Gifted students revel in a class of their own

Early access to undergraduate studies helps academically talented young people exploit their potential to the fullest. Zhu Lixin reports from Hefei.

Early this month, Zhu Yuanhao and six other students sat in the conference room of the School of the Gifted Young at the University of Science and Technology of China in Hefei, capital of Anhui province, and answered questions posed by a group of reporters.

The school’s students rarely give interviews, partly to avoid overexposure and partly because most of them are younger than 18, and therefore juveniles.
“Too much exposure to media reports may place unexpected pressures on young students and can sometimes make them a little arrogant, so we seldom permit reporters to interview them,” said Chen Yang, dean of the school.

Zhu was the first to answer a question. As the only student in the group from the school’s senior class, he decided that it was his responsibility to soak up the pressure on behalf of his peers, even though the 19-year-old was not the oldest scholar in the room.

In most cases, students who show exceptional academic aptitude at an early age can be recommended to the school by their teachers. To gain entry, they have to take the gaokao, the national university entrance exam, years ahead of schedule. If they pass the exam and an interview, they will be accepted by the school for undergraduate studies.

To help celebrate the 60th anniversary of USTC, a large number of alumni will gather at a celebratory event on Thursday.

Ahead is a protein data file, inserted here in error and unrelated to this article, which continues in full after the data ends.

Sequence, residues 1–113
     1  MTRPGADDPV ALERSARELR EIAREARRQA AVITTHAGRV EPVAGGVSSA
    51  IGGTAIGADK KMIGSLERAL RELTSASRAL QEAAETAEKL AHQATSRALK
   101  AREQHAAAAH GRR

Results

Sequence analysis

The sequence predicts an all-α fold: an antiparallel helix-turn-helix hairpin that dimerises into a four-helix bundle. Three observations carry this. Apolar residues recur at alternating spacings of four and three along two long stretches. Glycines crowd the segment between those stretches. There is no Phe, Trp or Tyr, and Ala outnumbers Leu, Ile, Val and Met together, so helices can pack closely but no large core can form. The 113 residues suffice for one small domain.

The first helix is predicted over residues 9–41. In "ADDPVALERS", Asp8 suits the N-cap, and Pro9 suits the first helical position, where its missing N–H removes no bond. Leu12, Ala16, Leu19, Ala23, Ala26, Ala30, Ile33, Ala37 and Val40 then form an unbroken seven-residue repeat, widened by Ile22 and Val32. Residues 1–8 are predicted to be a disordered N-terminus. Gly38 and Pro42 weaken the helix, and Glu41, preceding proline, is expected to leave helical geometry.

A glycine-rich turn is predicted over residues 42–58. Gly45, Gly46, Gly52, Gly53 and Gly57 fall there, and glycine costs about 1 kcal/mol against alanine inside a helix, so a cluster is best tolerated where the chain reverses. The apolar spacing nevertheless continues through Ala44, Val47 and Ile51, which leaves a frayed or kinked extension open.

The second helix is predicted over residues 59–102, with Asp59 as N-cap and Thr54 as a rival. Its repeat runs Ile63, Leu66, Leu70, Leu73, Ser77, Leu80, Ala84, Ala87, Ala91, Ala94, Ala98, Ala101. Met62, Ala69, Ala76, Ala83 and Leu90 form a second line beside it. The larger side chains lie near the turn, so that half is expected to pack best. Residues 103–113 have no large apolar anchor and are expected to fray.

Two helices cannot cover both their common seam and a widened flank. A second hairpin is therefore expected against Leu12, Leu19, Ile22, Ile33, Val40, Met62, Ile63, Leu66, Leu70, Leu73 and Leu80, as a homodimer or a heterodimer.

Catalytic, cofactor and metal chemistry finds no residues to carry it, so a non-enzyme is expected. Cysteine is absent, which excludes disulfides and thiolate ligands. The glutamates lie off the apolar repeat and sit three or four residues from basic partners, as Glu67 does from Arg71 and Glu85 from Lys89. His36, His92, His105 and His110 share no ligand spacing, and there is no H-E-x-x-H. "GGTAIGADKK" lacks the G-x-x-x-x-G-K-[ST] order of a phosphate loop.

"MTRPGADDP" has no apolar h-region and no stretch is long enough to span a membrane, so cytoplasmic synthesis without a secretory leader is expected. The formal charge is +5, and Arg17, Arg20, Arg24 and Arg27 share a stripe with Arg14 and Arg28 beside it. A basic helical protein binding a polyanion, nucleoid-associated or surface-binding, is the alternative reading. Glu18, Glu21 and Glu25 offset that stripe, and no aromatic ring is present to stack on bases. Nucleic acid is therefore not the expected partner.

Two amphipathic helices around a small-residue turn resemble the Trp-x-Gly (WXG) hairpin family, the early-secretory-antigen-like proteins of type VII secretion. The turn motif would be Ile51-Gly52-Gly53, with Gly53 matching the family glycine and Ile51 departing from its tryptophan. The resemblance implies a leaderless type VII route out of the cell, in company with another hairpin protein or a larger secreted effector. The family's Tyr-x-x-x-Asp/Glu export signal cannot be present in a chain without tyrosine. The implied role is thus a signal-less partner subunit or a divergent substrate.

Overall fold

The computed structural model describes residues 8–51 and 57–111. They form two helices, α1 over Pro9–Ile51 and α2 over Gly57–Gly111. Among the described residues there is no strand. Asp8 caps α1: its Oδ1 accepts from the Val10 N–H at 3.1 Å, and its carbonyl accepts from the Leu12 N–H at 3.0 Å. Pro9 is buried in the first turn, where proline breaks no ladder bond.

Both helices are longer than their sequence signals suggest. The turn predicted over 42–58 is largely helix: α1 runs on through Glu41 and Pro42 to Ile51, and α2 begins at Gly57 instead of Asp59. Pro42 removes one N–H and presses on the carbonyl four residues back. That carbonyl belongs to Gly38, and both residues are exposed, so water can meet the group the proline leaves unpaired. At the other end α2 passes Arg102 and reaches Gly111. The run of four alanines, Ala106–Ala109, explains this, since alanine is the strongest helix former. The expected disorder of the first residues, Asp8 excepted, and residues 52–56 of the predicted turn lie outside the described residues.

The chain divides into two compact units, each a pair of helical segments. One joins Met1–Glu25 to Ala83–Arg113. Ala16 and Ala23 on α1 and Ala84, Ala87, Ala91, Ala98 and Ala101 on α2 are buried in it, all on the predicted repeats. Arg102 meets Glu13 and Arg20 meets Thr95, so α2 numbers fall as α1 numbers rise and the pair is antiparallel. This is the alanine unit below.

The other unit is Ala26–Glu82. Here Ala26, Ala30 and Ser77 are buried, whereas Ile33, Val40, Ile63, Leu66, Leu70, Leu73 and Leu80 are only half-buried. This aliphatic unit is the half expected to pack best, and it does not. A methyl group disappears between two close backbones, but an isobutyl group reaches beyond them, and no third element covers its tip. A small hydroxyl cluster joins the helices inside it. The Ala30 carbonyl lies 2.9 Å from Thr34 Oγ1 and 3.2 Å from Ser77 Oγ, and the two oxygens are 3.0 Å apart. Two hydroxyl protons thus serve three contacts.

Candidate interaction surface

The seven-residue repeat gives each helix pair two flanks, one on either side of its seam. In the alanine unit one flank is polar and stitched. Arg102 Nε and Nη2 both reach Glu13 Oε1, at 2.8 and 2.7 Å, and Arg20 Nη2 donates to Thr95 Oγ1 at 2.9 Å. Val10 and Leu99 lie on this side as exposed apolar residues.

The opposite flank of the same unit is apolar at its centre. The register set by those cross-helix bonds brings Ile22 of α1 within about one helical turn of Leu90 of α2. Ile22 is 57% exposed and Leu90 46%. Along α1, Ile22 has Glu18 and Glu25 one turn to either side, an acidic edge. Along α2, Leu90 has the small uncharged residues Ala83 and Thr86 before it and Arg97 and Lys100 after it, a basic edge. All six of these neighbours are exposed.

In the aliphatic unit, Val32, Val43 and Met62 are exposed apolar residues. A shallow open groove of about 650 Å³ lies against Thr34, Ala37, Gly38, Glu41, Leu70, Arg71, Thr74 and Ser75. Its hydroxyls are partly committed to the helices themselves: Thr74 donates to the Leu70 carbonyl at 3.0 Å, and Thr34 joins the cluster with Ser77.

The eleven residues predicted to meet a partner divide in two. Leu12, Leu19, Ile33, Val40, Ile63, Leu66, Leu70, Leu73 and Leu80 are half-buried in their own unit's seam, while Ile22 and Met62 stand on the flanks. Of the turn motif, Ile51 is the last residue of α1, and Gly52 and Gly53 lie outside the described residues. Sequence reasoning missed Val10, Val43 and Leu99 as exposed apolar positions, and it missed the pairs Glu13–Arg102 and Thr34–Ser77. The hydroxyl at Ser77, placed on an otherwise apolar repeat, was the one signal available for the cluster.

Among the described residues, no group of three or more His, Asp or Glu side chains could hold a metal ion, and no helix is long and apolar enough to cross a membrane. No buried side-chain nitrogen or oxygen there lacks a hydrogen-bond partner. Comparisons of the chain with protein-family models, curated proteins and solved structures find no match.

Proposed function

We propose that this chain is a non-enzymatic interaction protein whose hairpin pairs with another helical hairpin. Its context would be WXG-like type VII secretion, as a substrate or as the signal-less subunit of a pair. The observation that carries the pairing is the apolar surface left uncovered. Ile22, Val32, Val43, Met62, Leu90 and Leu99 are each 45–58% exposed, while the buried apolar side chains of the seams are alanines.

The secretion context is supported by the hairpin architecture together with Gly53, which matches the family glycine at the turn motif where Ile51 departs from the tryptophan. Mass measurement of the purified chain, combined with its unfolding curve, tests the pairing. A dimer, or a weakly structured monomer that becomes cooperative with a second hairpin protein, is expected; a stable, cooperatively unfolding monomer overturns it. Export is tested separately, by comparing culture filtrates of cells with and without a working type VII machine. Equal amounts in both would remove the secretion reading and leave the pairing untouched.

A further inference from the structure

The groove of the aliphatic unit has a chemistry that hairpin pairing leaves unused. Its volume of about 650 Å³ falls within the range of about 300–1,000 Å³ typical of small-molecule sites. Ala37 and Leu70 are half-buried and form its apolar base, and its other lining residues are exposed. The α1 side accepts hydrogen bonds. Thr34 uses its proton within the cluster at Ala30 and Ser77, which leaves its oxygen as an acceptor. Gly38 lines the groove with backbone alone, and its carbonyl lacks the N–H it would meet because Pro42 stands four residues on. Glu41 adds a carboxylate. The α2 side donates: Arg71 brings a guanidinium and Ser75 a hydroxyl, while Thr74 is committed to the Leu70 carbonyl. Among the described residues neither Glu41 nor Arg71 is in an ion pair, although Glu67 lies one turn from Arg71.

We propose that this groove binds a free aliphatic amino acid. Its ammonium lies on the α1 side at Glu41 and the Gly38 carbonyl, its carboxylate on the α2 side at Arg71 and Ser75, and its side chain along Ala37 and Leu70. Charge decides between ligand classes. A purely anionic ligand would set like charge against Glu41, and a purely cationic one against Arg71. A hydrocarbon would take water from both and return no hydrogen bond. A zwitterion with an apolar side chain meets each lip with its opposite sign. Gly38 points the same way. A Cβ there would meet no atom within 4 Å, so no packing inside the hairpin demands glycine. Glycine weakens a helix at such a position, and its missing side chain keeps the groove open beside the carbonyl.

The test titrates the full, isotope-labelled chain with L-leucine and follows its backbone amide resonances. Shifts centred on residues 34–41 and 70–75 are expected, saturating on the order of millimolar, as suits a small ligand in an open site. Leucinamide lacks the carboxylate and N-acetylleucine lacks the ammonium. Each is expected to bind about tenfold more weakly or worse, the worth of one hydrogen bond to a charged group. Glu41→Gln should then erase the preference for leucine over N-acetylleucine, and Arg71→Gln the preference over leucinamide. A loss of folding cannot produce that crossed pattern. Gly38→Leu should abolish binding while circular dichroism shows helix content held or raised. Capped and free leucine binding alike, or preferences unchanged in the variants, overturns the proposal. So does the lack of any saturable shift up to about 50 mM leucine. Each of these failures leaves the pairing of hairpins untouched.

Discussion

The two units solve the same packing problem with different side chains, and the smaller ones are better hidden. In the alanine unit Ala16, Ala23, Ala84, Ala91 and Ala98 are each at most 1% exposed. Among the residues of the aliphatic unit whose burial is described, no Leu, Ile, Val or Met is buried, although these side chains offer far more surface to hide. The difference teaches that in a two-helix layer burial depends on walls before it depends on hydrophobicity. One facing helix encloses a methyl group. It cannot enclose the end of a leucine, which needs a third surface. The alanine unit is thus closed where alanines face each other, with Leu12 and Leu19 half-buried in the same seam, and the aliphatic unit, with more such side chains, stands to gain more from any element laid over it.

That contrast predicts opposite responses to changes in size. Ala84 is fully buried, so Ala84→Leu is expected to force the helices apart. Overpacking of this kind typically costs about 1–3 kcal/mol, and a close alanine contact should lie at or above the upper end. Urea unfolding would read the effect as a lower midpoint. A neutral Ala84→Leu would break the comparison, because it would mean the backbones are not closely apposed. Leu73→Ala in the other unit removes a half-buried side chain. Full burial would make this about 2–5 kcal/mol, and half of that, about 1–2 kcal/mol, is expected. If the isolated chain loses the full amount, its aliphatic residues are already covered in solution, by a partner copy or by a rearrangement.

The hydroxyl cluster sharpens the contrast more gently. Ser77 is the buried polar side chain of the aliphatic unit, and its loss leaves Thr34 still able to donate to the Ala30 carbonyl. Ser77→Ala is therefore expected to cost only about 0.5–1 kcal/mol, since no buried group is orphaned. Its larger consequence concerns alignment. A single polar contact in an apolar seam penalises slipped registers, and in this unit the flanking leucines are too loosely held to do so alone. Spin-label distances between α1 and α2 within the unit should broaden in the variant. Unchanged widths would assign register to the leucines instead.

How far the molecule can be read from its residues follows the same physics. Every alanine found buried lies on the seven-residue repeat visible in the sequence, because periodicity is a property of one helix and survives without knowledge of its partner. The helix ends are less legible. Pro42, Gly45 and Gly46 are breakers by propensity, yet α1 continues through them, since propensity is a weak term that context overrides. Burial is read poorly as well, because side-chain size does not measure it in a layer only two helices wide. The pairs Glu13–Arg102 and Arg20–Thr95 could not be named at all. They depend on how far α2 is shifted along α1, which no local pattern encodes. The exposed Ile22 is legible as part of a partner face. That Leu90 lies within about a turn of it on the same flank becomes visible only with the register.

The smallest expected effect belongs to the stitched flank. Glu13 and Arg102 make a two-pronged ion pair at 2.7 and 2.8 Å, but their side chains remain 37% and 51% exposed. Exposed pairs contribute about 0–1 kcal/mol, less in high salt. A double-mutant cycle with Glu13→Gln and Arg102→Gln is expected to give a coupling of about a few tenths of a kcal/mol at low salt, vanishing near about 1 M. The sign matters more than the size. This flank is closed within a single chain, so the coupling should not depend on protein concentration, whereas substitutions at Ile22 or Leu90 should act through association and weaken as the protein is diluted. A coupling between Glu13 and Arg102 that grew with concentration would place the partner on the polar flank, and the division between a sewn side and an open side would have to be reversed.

This year is also the 40th anniversary of the founding of the Class of the Gifted Young, which opened in 1978 and became the School of the Gifted Young in 2008.

To illustrate the development of the school, the college has organized an exhibition that contains photos of many renowned alumni, mostly scientists.
Most share the same distinction-they became prominent in their fields at very young ages, with several becoming professors at leading universities across the world while only in their 20s.

One of the names on the long list was Cao Yuan, who graduated from the School of the Gifted Young in 2014 and is now a 21-year-old PhD candidate at the Massachusetts Institute of Technology.

On March 5, the journal Nature published two articles on major breakthroughs in graphene research in which Cao was lead author.
Though he appreciates Cao’s success, Zhu has no plans to follow in his footsteps.

“I won’t study overseas because I have a research place in Professor Du Jiangfeng’s laboratory, which is the best in the world for research on quantum information,” he said. Half of the researchers in Du’s laboratory are graduates of the School of the Gifted Young.

Du, who was born in 1969 and graduated from the class in 1990 after five years of study, is not only vice-president of USTC, but also director of its Key Laboratory of Microscale Magnetic Resonance.

When he was elected to the Chinese Academy of Sciences in 2015, Du became the first graduate of the class to be accorded the honor.

Early start

Zhou Jianuo, 14, spent his primary and middle school years in Russia because his father is a diplomat in the country. However, he wanted to attend university in China, and USTC was his first choice.

Though he performed well at school in Russia, his family was concerned that he would not be able to adapt to the Chinese education system and would fail the gaokao.

Competition in the gaokao is always fierce. For example, 419,000 students took the exam in Anhui this year, but only 43.9 percent were accepted for undergraduate studies, according to the provincial education department.

Gaining entry to a top university is an even tougher task. USTC, Anhui’s best university, recruited just 186 students from the province this year, while the number of successful candidates from other parts of the country was even lower.

To beat the competition, students at senior high schools study the same topics repeatedly and take a large number of mock exams. That regimen can stifle creative minds, according to experts.

“They scarcely learn any new knowledge in the third year of high school, and the intensive training for exams is harmful to really talented, creative kids,” said Yin Min, Party chief at the School of the Gifted Young.